Tonight, I am not where I want to be at all. I’d like to be in Texas with my husband as he mourns, there, the death of his sister, Laura Jenkins. I’d like to be there, not because it would be enjoyable, in any sense, but because it would be my honor to get to personally listen to the sweet tribute that will be her memorial service and to personally hug her husband and children and her parents who have meant so much to our family though the years. I’ve known Laura, of course, for as long as I have known my husband—over 40 years—and I have laughed harder with her than almost anyone. We laughed so hard that night I went sprawling across the WalMart parking lot in a mammoth fall, my feet right out from under me, sliding across wet pavement for several feet in a monsoon. (I’m still laughing just writing about it, but her laughter always exacerbated mine, particularly if we were in a place in which we were not supposed to be laughing.) I’ve laughed until I hurt at stories Laura told about ordinary people in her congregation, community or work place, because she could imitate funny people doing outrageous things better than almost anyone I know. I laughed when she wore her Christmas sweater inside-out to an exclusive Christmas event. I laughed when she accidentally gave a very expensive Christmas gift to a friend at a party where she intended to give a pair of socks, because she had wrapped the two gifts (for different people) in identical boxes and placed them in the same closet. She lived, laughed and loved just about as well as anyone I ever knew. I wanted to be there to see her face one more time, hug her neck and say goodbye to her. I wanted to hear that infectious laugh once more, even if it was quieter and softer. But this time, for reasons over which I had no control, it was not to be. I’m glad Glenn made it to Texas in time to converse with her and to see her smile before she won this battle that all the faithful, one day, will win. I want to be faithful and win like she did.
I personally know (with amazing precision) the hurt through which her daughter will battle on her way to be with her. I was 33 years old when I lost my mother to the same wretched disease. I think that’s exactly the age of Laura’s daughter, Amanda. My children were the ages of hers. My husband was a minister, like hers. It will not be easy. But it will be bearable because of Calvary’s sting removal. Jesus took away the sting of death that’s hopelessness. An old rugged cross made all things new for Laura. The pain on that hill took her’s away–for good–in the valley of the shadow of death. An empty tomb rolled away that one big stone for millions to come; those who’ve been buried and raised with Him.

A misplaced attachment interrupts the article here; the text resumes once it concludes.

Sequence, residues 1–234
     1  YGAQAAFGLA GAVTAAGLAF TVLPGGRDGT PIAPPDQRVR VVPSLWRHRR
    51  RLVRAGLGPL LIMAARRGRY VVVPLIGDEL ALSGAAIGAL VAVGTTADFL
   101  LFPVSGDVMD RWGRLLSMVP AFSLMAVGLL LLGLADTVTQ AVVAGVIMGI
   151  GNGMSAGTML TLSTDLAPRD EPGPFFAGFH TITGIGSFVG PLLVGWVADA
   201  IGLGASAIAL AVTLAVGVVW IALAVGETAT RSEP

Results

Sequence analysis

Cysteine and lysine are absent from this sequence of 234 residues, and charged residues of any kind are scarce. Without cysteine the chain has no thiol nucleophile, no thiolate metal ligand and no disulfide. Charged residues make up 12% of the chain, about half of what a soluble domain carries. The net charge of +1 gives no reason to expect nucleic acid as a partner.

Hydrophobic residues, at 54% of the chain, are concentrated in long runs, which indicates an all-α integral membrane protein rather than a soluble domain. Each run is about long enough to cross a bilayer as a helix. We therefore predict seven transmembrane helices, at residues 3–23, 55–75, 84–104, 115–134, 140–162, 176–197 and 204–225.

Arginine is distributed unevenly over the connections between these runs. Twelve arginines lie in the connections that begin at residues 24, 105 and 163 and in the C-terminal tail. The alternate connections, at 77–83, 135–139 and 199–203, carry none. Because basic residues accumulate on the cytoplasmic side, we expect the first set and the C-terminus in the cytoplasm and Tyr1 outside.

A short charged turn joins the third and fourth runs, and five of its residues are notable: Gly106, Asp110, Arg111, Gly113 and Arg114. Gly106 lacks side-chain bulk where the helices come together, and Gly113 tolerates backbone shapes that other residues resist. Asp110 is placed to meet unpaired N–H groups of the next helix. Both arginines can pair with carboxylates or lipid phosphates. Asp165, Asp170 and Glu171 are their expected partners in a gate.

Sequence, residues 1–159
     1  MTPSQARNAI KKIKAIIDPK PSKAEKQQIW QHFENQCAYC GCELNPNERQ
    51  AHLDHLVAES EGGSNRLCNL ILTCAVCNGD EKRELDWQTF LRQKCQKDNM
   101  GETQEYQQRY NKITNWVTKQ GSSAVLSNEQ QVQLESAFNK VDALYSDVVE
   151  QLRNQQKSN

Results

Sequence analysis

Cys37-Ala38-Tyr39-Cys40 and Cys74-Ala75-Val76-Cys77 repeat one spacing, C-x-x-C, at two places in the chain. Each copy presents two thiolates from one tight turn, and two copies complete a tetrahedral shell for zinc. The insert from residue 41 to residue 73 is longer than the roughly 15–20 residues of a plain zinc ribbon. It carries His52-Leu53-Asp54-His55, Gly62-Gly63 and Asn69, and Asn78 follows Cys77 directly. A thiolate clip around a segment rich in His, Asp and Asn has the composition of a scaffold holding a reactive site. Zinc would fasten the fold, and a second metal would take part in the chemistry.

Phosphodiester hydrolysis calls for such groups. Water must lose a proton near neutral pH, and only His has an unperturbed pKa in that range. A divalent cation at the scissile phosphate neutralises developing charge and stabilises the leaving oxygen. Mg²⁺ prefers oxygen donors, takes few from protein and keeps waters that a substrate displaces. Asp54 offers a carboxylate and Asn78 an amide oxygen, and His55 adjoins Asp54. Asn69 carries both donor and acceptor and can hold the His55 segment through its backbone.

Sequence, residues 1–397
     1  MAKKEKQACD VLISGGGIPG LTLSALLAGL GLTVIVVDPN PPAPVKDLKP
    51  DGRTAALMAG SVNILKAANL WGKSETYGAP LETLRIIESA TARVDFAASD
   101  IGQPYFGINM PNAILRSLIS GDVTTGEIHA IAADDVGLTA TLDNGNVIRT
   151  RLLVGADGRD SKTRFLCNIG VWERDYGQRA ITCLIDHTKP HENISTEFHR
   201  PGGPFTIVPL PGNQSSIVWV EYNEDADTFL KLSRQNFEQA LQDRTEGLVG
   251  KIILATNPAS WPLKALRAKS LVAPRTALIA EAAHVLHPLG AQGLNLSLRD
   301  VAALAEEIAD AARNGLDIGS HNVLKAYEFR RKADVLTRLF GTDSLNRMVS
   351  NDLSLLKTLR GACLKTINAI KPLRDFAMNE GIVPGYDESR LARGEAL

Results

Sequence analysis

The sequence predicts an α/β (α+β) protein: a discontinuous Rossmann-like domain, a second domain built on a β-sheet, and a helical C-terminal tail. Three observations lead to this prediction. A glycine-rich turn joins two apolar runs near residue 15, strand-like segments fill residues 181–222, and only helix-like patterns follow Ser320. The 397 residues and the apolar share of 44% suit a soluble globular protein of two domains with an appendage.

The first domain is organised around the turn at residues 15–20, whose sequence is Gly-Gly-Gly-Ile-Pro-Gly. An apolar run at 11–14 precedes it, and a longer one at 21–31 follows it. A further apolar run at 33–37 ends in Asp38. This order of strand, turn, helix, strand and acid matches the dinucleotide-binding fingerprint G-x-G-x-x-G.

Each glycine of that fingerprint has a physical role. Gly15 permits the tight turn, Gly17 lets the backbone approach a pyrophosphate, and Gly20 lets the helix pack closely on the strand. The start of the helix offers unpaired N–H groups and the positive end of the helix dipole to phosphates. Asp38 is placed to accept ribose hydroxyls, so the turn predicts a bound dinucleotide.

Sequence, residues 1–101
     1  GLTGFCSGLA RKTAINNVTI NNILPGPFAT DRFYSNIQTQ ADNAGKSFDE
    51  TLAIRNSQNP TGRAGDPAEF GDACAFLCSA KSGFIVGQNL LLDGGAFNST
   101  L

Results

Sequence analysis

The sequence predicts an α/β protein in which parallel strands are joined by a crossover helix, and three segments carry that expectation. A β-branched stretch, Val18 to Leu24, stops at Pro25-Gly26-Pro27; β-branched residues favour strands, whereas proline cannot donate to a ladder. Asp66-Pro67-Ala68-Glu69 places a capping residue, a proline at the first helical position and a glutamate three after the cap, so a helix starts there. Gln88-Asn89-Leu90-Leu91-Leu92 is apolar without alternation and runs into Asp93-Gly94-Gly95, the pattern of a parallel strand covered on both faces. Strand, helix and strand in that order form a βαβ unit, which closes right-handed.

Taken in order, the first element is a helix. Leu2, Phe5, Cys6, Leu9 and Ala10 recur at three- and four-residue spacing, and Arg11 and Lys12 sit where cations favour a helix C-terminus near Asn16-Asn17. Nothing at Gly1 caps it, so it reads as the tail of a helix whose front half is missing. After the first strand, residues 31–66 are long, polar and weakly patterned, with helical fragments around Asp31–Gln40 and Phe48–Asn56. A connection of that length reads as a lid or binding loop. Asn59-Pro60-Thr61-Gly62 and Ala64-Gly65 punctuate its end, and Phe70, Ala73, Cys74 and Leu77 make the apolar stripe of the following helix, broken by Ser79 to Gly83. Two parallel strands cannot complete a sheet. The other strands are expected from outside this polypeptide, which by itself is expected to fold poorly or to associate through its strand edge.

I’m not where I want to be today. But Laura is exactly where she wants to be. I well remember standing beside the grave of her tiny firstborn with Laura and Jeff. Her words have echoed in my heart over and over. She said “But I want to go on to heaven now.”
While, I’m sure that, with the birth of her daughter and later, her second son, she had strong desires to stay and mold and watch as their lives unfolded (and I’m absolutely positive that her inner Lolli was hoping to watch three beautiful and talented grandchildren all the way to adulthood), she never stopped wanting to ultimately go to heaven.
I often thought about my own mother and how that, no matter how much I missed her, how hard the days were when I needed her counsel or her affirmation—affirmation that I was doing okay at things that mattered—I still would never have wished her back. How can anyone wish for the return to life—life with sin and dirt and sickness and pain and tears and sorrow and loneliness—for a loved one who left prepared for the place where nothing’s ever been dirty and no one has ever hurt? ( I sometimes think Lazarus must have been pretty frustrated when Jesus called him back to Bethany.)
Instead of wishing her back, you turn to life again and just start wishing yourself and your spouse and your children to be there, in that sorrow-less place. You start wishing it so much more than you ever did before and you wish it more with every new day than you wished it the day before. Oh, you don’t want to go right now. But you REALLY want to go. You start wishing it so much that every day is a series of decisions that inch you closer and closer to really being there. Friends turn into souls right in front of your eyes. Get-togethers turn into evangelism. Kids’ tournaments and plays and parties turn into golden chances to teach little hearts Matthew 6:33 in myriads of ways. Houses turn into temporary tabernacles and colors and clutter, square footage and styles start to matter less and less as time goes by. Chance meetings and introductions are open service doors and worship assemblies are vestibules of heaven. You see more clearly the median between the narrow lanes of life and the wide way that leads to destruction and your mother-wings are exercised in keeping children out of, not just the broad way, but even off the shoulder of that road. You are intentional about your kids and heaven and the memory of the one who was so intentional with you is a constant affirmation of your life’s work in little hearts.